People always say that George Orwell’s 1984 was a warning about communism or Stalinism. One reason they say so is because Animal Farm certainly was a dark satire about the Russian Revolution (among other things), but some aspects of 1984 seem a lot closer to Mao’s China during the Cultural Revolution than Russia. I am reading Anchee Min’s memoir, Red Azalea, and the world she describes, one in which people live in mortal fear of being caught in a romantic or sexual relationship, sounds a lot like life under Newthink. At one point, she describes a scene in a large park in Bejing, filled with masturbators hiding in bushes – if they tried it at “home,” they might very well be caught and denounced as a bourgeois reactionary with no devotion to the proletarian spirit, and be “sent down” to slave on the farms. The universal unisex clothing, the endless hectoring about every aspect of private life, the ceaseless propaganda pitched at high decibels…yes, 1984, and a small step to Pol Pot and the killing fields of Cambodia. The mass meetings, the mindless quoting from Mao’s Red Book – it all sounds like 1984′s anti-Goldstein rallies, and the Two-Minute Hate sessions.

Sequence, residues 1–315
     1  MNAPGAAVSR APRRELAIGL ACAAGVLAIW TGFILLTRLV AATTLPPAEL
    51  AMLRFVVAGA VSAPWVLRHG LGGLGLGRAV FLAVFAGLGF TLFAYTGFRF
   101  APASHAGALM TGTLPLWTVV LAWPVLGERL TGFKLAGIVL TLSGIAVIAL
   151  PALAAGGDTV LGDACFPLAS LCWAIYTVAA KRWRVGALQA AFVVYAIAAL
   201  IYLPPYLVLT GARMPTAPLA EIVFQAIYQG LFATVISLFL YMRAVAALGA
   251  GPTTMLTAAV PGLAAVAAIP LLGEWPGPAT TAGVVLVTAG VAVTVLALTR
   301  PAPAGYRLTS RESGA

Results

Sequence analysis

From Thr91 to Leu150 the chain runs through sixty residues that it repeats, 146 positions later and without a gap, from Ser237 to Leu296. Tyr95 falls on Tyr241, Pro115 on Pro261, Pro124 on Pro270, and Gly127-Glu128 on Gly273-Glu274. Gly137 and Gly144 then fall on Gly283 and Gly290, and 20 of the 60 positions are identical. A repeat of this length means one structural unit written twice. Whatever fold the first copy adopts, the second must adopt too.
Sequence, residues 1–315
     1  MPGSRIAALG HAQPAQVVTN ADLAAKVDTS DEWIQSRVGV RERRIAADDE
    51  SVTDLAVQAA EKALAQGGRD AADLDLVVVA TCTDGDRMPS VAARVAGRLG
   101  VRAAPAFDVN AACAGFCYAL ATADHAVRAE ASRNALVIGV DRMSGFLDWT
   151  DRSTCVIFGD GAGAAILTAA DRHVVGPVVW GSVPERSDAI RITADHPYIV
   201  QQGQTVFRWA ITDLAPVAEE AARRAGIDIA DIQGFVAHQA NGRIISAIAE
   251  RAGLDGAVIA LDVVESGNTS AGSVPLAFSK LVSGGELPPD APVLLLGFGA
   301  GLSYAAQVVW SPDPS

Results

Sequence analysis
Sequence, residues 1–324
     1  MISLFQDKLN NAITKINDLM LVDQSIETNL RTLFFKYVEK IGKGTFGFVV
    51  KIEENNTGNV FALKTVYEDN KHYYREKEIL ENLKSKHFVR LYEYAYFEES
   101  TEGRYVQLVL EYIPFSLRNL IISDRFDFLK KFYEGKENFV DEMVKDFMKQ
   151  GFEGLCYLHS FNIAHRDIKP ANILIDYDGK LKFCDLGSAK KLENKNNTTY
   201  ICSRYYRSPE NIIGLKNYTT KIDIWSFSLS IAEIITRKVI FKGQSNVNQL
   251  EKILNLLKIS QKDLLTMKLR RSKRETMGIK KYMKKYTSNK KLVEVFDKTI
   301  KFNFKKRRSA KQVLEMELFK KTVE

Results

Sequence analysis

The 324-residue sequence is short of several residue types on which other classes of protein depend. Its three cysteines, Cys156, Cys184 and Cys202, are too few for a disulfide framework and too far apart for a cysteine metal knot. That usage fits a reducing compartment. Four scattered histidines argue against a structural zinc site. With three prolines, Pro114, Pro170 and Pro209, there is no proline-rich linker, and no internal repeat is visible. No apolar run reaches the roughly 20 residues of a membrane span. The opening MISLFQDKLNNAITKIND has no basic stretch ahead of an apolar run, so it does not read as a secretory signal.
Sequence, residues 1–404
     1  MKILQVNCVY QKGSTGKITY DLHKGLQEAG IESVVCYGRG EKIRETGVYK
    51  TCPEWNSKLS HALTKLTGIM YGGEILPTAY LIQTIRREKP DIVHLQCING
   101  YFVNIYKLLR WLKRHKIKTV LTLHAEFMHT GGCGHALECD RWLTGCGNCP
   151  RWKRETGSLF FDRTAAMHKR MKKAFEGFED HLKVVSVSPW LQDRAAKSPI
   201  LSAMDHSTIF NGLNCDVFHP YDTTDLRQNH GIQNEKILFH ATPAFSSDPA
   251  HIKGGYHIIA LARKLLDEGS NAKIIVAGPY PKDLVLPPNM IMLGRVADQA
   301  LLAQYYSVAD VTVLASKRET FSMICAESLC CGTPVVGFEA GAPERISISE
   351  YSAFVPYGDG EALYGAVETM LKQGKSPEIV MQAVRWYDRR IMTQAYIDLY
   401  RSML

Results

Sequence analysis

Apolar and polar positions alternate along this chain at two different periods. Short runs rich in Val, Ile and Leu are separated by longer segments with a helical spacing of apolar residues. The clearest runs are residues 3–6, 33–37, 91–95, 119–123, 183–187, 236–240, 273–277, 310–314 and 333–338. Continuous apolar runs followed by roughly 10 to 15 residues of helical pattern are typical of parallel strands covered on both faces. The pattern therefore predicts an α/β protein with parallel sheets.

In Stalin’s Russia, they didn’t care what you wore, and once you were in the Gulag, they didn’t try to reeducate you – they just expected you to work until you dropped. On the other hand, nothing I’ve read talks about Mao’s China having industrial quotas for shooting people, although they did make up for it by causing millions of people to starve to death.